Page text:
Nanoparticles behave in an extremely complex manner in the environment. In a large overview study, ETH environmental scientists have proved that currently there is a lack of systematic experimental data that could help in understanding the nanoparticles in a comprehensive way.
The nanotech industry is flourishing. Several thousands of tons of man-made nanoparticles are globally produced every year; sooner or later, a particular part of them will end up in bodies of soil or water. However, even experts have difficulty in explaining what exactly happens to the nanoparticles there. The question is indeed complex, because there are a variety of man-made (engineered) nanoparticles, and also because the particles behave differently in the environment based on the prevailing conditions.
Researchers headed by Martin Scheringer, Senior Scientist at the Department of Chemistry and Applied Biosciences, aimed at bringing about some clarity to this issue. These researchers reviewed 270 scientific studies, including almost 1,000 laboratory experiments described in these studies, in order to search for patterns in the behavior of engineered nanoparticles. The team aimed at making universal predictions about the behavior of the particles.
Particles attach themselves to everything
However, an extremely mixed picture was discovered by the researchers when they looked at the data. “The situation is more complex than many scientists would previously have predicted,” says Scheringer. “We need to recognise that we can’t draw a uniform picture with the data available to us today.”
Nicole Sani-Kast, a doctoral student in Scheringer’s group and first author of the analysis featured in the journal PNAS, adds: “Engineered nanoparticles behave very dynamically and are highly reactive. They attach themselves to everything they find: to other nanoparticles in order to form agglomerates, or to other molecules present in the environment.”
The speed at which the particles react and to what exactly they react depends on a wide range of factors such as the acidity of the soil or water, the concentration of the existing salts and minerals, and most of all, the composition of the organic substances present in the soil or dissolved in the water. What makes things a lot more complicated refers to the fact that the engineered nanoparticles frequently have a surface coating. Based on the environmental conditions, the particles lose or retain their coating, thus influencing their reaction behavior.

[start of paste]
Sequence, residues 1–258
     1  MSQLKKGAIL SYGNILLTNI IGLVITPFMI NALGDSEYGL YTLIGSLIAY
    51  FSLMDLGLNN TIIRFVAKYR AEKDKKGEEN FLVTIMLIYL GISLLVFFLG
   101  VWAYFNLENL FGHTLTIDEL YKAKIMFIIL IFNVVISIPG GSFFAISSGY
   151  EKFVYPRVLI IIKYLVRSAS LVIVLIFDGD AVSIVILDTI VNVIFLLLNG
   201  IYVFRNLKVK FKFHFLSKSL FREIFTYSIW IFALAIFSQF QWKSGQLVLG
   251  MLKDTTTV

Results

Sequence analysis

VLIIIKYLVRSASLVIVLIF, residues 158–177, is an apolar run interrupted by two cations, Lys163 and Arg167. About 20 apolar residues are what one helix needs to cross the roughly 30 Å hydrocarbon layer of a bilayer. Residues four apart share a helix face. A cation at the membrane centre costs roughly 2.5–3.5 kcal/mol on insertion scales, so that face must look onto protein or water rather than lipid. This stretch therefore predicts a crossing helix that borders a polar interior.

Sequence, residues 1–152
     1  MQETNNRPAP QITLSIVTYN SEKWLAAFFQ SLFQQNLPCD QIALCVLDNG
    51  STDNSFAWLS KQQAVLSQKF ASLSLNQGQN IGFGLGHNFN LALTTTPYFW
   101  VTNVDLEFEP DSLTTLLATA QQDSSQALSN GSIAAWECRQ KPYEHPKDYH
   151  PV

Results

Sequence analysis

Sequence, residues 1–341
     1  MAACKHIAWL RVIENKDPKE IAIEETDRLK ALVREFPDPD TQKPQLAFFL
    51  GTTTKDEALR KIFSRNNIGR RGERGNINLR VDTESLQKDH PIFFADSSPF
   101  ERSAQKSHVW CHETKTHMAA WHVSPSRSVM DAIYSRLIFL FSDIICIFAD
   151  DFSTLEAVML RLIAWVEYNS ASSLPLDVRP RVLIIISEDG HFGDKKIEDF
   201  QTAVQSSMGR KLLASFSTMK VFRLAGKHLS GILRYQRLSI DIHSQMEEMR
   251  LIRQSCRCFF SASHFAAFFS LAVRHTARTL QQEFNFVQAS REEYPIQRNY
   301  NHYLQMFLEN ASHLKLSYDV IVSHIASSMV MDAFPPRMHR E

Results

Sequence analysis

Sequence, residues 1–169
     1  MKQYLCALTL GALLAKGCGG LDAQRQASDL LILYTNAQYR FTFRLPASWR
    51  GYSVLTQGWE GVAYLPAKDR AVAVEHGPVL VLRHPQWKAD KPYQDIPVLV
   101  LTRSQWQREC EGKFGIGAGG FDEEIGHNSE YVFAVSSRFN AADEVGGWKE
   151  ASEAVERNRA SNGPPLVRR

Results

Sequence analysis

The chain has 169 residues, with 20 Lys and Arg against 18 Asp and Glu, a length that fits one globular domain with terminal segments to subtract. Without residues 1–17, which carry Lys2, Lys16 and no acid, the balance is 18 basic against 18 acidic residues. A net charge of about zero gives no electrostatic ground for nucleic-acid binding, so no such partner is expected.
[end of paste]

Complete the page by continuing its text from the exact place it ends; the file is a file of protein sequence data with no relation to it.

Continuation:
Sani-Kast evaluated the results available in the literature by using a network analysis for the very first time in this research. This technique, mostly used in social research for measuring networks of social relations, allowed Sani-Kast to demonstrate that the data available on engineered nanoparticles is poorly structured, insufficiently diverse and inconsistent.
More method for machine learning
“If more structured, consistent and sufficiently diverse data were available, it may be possible to discover universal patterns using machine learning methods,” says Scheringer, “but we’re not there yet.” Adequately structured experimental data must first be available.
“In order for the scientific community to carry out such experiments in a systematic and standardised manner, some kind of coordination is necessary,” adds Sani-Kast, but she is aware that coordinating such work is difficult. Generally, scientists are well known for preferring to explore new conditions and methods instead of routinely performing standardized experiments.
Distinguishing man-made and natural nanoparticles
Besides the lack of systematic research, a second tangible problem is also present while researching the behavior of engineered nanoparticles: a number of engineered nanoparticles comprise of chemical compounds that naturally occur in the soil. Till date, there has been difficulty in measuring the engineered particles in the environment as it is hard to distinguish them from particles that occur naturally with the same chemical composition.
However, under the supervision of ETH Professor Detlef Günther, researchers at ETH Zurich’s Department of Chemistry and Applied Biosciences recently established an efficient technique that makes way for this type of a distinction in routine investigations. The research used spICP-TOF mass spectrometry, which is a state-of-the-art and highly sensitive mass spectrometry technique, to determine which chemical elements make up separate nanoparticles in a sample.
The ETH researchers worded together with scientists from the University of Vienna to apply the technique to soil samples with natural cerium-containing particles, into which they added engineered cerium dioxide nanoparticles. They used machine learning methods, ideally suited to this particular issue, to trace variations in the chemical fingerprints of the two particle classes. “While artificially produced nanoparticles often consist of a single compound, natural nanoparticles usually still contain a number of additional chemical elements,” explains Alexander Gundlach-Graham, a postdoc in Günther’s group.
The new measuring technique is extremely sensitive: the researchers were able to measure engineered particles present in samples with up to one hundred times more natural particles.